In 2018, to mark its 10-year anniversary, Airbnb launched Airbnb Plus. This new hotel-like service offers high end accommodation and allows the company to compete more easily with hotels. It differs from ordinary Airbnb as hosts must fulfil criteria and a set of amenities typically found in a hotel, plus they are expected to have a 4.8-star rating or higher.
Interestingly, Airbnb now officially recognises and classifies boutique hotels and B&Bs on its platform. Whilst this may appear at odds with a brand which values smaller, intimate accommodation, Airbnb’s hotels program manager has reiterated that mass produced hotels will not be listed.
If you’re particularly concerned about challenges to the hotel industry, we’ve written about this in more detail here. We’ve also examined ways Airbnb are designing for trust in their marketing. Go on, give it a read.
4) Voice Search
Digital marketers have been drumming this stat (now a classic) into the brains of anyone who will listen for the past couple of years: By 2020, at least 50% of all searches will be voice orientated.
There’s no doubt that if you’re not already prepared for voice search, then you should be. The travel sector, in particular, need to be well equipped for this. Why? Many reports are emerging which suggest that voice search is especially relevant to those planning or researching a holiday.
Travelport’s 2018 Digital Traveller Research, for instance, found that 36% of UK travellers use voice search to research travel. Similarly, according to Microsoft, British travellers are increasingly researching accommodations through their Cortana Digital Assistant on mobile devices. Indeed, they discovered that hotel searches in 2018 increased 343% year over year and flight searches increased by 277%.
Considering the above, if travel businesses aren’t ready for voice search this could be detrimental to their performance online. In order to flourish, rather than flounder, there are many things travel companies can do.
Firstly, it’s important to understand that there is a difference in the way people search with their voice compared to typing. An ordinary typed search is usually limited to a couple of keywords whereas there’s a tendency for voice searchers to use several words or complete sentences – often in the form of questions. If fact, they might even have discussions with their device. Therefore, content on travel websites should be optimised to reflect this more conversational tone and utilise long tail keywords.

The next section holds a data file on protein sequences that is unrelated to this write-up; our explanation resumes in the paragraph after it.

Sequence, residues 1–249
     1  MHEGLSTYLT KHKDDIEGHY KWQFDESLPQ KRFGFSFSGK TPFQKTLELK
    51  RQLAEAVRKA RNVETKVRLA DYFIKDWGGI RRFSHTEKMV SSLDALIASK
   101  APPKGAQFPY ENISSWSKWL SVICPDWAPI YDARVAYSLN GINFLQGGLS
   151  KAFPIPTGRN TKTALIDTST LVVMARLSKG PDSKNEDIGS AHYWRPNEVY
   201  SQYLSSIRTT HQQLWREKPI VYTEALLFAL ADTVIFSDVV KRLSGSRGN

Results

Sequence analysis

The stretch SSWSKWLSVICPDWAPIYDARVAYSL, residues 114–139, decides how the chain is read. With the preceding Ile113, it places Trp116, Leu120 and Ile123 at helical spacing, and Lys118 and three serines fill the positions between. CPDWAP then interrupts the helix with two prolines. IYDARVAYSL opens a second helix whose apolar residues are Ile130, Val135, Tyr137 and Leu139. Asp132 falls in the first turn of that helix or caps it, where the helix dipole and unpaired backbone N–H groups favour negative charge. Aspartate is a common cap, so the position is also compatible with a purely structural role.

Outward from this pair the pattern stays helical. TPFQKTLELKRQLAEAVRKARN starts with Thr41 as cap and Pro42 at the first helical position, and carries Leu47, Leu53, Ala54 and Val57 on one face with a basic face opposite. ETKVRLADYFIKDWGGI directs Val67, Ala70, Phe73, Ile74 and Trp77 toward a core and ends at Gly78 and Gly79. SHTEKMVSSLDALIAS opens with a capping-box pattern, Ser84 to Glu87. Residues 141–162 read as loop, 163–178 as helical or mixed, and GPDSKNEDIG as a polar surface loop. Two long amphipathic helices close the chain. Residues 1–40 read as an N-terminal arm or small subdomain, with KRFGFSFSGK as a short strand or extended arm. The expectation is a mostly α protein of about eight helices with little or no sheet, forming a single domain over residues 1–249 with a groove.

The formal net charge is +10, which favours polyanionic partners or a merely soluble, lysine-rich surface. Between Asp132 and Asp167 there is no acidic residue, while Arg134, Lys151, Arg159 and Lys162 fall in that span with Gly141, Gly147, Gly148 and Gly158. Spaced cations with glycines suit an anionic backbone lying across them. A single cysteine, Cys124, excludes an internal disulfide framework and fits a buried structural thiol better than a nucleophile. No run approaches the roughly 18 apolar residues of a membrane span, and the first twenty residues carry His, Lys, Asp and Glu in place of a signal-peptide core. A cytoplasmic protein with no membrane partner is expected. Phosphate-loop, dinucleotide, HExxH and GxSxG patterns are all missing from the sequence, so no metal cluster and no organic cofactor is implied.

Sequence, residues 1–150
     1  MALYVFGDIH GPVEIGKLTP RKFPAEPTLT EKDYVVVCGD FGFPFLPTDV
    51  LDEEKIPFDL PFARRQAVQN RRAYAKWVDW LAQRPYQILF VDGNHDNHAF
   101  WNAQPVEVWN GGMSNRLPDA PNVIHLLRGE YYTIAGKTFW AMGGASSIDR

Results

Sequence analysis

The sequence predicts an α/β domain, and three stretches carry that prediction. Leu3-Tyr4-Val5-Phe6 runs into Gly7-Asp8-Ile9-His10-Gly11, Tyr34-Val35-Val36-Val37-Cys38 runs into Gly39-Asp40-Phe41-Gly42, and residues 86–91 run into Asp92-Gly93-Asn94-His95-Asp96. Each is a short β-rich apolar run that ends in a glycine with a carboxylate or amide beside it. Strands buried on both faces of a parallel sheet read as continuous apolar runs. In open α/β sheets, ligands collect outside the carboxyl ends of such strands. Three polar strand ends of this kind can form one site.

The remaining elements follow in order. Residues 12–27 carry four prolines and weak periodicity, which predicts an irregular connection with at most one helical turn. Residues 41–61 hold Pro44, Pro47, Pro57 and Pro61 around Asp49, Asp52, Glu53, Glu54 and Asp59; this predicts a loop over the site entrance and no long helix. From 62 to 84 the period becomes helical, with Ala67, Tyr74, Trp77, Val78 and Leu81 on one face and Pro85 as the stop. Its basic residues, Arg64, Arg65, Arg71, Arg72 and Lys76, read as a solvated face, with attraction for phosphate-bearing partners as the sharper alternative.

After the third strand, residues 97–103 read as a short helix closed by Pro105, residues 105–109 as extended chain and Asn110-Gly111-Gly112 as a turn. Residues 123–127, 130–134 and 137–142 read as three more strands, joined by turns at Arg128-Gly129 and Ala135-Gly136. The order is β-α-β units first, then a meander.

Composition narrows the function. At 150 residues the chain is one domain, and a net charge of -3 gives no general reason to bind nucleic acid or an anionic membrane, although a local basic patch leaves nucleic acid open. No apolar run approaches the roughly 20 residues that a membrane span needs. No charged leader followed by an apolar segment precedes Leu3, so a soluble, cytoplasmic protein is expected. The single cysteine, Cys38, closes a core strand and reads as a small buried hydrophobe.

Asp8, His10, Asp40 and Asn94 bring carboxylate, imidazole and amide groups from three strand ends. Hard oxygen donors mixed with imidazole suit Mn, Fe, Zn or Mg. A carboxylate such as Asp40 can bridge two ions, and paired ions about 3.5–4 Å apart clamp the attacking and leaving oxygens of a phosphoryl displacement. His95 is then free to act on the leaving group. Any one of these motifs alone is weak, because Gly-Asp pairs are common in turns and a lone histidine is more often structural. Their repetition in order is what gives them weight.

In order to answer these voice search queries, it is good practice to gather data through CRM systems, customer surveys and common questions asked by customers. Also, as young people have been identified as the demographic more likely to use voice search, this might steer which content online travel companies should focus on first. For instance, an online travel agent might optimise content targeted at young solo travellers and couples.
Some businesses in the travel sector are already being proactive and experimenting with voice search in an interesting way. Heathrow was the first airport in the UK, for example, to launch an Amazon Alexa skill last year. The Heathrow software allows consumers to download up to date flight information to their Echo device, free of charge. This flight information can be checked simply by users voicing their query out loud. Who knows, fast forward a few years and Heathrow airport may have added flight booking and secondary services via voice?